Tag: asia

Report

Down to the bone: China’s alarming trade in leopard bones

Leopards are Asia's most traded big cat, with more than 4,900 seized from illegal trade in Asia since 2000, new evidence indicates the Government of China is issuing permits to trade and use their bones. The trade in leopard bones is primarily to meet demand from Chinese consumers; used in similar ways to tiger bone

Report

In Our Palms

To meet its pledge to halt deforestation, the European Union needs to act to reduce the deforestation footprint of the commodities it imports, including palm oil. Existing methods to alleviate the impacts of palm oil, have failed to stop deforestation sufficiently to qualify as ‘sustainability’

Report

A Tale of Two Laws

The US Lacey Act and The European Union Timber Regulation (EUTR). In this briefing, we explore the previously unrealised fact that both laws can work together, with the Lacey Act prohibiting timber sold in violation of the EUTR, as a ’foreign law‘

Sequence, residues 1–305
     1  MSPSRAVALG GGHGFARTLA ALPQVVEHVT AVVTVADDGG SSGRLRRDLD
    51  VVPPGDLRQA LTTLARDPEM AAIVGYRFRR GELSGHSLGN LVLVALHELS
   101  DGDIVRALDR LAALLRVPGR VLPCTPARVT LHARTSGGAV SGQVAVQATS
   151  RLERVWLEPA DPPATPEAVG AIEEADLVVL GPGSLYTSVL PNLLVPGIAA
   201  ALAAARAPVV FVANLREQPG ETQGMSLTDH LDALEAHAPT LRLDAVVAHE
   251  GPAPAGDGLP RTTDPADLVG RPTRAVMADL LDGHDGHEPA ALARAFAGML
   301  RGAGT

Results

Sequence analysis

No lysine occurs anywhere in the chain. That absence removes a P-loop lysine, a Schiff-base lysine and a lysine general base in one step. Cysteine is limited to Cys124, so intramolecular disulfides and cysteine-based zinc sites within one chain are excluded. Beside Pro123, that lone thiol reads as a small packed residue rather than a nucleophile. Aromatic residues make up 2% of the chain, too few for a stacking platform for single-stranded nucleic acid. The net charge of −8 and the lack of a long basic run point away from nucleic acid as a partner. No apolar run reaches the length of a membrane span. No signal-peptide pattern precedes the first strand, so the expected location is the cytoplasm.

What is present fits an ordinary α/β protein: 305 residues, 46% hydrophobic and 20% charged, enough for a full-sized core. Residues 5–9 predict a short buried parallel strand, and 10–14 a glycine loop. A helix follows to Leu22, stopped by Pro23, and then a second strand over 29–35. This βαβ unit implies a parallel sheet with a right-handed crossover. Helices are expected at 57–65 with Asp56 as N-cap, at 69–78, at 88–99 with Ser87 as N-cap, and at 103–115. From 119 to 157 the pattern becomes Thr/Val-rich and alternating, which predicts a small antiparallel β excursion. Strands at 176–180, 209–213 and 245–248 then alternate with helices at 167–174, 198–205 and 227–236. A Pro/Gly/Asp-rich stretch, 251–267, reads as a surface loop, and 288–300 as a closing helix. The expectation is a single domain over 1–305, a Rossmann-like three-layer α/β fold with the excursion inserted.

Report

Cultivating Demand – The Growing Threat of Tiger Farms

Asia’s big cats continue to be threatened by a growing, unchallenged demand for their body parts. There are fewer than 4,000 wild tigers and anywhere between 3,920-6,390 snow leopards, while leopards remain one of the most traded of Asia’s big cats. Since 2000, the parts of over 1,700 tigers have been seized

Report

EIA Briefing Document on CITES National Ivory Action Plans (NIAPs)

Assessing progress made by NIAP countries, China, Kenya, Laos, Mozambique and Vietnam, selected for the important role they play in the ivory trade. We urge CITES Parties to employ International Consortium on Combating Wildlife Crime indicators to evaluate the impact of their governments’ responses to wildlife crime

Front cover of our report entitled The Lion's Share: South Africa's trade exacerbates demand for tiger parts and derivatives
Report

The Lion’s Share

The major threat to the world’s remaining wild tigers is poaching to meet the high demand in Asia for their parts and derivatives. This demand is exacerbated by the legal trade in lion bone so long as they were sourced from captive-breeding facilities in South Africa